Sometimes, when you’re using a cloud server, you find yourself in a situation where you don’t have a GUI, but you still want to access a web server running on a local IP address. For example, if you install MCP using the Model Designer, what you get back will be an instance that includes DriveTrain running on a local IP address. To solve this problem, we can use Apache as a proxy server to access that local IP address via an external IP address to that VM.
Obviously this isn’t something you will do lightly, and you may not do it at all for a production system; make sure to do your security due diligence! But Just for testing, this can be a handy tip.
Fortunately it’s a straightforward process with just a few steps:
- Install apache2. On Ubuntu, this is just a matter of calling the package manager:
sudo apt-get install apache2
- Enable the various modules needed. You can do that with the a2enmod tool:
a2enmod proxy a2enmod proxy_http a2enmod proxy_ajp a2enmod rewrite a2enmod deflate a2enmod headers a2enmod proxy_balancer a2enmod proxy_connect a2enmod proxy_html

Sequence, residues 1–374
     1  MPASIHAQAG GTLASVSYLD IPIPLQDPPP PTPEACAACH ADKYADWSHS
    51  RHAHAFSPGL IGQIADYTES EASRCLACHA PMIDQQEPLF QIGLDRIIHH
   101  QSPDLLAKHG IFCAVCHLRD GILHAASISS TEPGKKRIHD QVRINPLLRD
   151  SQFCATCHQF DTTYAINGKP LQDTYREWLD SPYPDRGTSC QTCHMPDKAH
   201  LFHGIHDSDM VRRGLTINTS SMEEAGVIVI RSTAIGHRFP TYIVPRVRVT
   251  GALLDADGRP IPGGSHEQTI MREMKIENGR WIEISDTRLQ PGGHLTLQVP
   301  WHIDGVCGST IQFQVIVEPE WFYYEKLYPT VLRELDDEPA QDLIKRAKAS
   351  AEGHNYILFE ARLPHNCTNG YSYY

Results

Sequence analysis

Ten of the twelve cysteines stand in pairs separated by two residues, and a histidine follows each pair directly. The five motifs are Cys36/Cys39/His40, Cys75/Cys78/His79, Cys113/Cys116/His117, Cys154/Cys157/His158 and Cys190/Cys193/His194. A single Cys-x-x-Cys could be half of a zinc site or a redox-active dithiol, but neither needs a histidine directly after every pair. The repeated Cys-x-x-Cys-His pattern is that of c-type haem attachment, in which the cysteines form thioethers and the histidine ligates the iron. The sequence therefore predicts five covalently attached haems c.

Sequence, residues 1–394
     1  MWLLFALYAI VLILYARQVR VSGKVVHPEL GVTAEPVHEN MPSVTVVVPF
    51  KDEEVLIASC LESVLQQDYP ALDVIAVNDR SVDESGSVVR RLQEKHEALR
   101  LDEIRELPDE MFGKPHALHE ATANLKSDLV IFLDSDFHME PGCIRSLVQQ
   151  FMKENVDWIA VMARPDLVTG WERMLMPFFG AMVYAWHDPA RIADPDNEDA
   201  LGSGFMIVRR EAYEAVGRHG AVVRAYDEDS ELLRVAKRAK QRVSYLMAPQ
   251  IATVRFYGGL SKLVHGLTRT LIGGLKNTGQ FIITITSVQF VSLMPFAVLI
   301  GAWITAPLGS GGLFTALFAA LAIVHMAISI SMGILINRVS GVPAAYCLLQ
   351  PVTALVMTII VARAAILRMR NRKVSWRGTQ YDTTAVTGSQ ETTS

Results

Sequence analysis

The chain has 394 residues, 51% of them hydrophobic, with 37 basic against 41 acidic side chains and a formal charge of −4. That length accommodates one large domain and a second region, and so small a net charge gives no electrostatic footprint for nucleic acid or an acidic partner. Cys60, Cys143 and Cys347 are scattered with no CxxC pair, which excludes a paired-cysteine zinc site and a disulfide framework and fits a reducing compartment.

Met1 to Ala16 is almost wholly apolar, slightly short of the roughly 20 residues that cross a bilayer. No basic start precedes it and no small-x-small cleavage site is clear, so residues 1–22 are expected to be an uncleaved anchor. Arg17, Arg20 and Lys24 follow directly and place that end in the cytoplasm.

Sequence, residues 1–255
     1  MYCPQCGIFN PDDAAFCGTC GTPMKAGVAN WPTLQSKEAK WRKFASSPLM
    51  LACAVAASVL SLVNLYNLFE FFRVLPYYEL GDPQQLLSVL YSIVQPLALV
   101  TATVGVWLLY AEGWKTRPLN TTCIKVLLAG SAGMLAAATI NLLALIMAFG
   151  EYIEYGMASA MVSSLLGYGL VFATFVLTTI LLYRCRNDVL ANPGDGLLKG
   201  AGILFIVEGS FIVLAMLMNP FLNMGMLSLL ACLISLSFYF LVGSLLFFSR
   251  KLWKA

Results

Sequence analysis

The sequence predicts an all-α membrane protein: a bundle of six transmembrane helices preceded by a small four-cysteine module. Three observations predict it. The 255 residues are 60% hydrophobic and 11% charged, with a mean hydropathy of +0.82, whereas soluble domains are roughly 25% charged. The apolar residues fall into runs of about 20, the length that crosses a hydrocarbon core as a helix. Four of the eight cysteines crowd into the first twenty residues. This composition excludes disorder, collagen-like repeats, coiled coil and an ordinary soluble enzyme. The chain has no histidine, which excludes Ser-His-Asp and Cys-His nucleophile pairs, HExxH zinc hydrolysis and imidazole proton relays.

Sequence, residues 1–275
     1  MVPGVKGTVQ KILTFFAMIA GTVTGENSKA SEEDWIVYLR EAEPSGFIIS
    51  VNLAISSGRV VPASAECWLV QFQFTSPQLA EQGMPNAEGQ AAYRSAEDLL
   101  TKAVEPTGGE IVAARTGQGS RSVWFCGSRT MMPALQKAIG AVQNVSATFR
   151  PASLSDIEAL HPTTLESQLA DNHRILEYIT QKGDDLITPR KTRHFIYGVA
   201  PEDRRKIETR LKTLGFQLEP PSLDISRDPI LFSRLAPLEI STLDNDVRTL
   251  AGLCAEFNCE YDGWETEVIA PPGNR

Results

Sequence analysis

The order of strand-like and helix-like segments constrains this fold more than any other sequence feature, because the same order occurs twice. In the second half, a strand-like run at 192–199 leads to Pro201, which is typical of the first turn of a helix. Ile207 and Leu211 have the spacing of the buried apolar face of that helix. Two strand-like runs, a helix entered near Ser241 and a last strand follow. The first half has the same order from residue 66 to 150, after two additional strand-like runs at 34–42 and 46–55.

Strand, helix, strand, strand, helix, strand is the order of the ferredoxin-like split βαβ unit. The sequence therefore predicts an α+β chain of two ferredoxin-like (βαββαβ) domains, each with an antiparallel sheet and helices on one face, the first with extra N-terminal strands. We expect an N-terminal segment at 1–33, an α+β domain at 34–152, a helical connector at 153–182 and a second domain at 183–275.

- Configure Apache by editing the /etc/apache2/sites-available/000-default.conf file to read:
<VirtualHost *:*> ProxyPreserveHost On # Servers to proxy the connection, or; # List of application servers: # Usage: # ProxyPass / http://[IP Addr.]:[port]/ # ProxyPassReverse / http://[IP Addr.]:[port]/ # Example: ProxyPass / http://10.10.0.15:8081/ ProxyPassReverse / http://10.10.0.15:8081/ ServerName localhost </VirtualHost>
Obviously, make sure to use your own target URLs.
- Restart the apache2 service:
service apache2 restart
At this point you can access the internal IP address (or whatever address you chose) from the main URL served by Apache.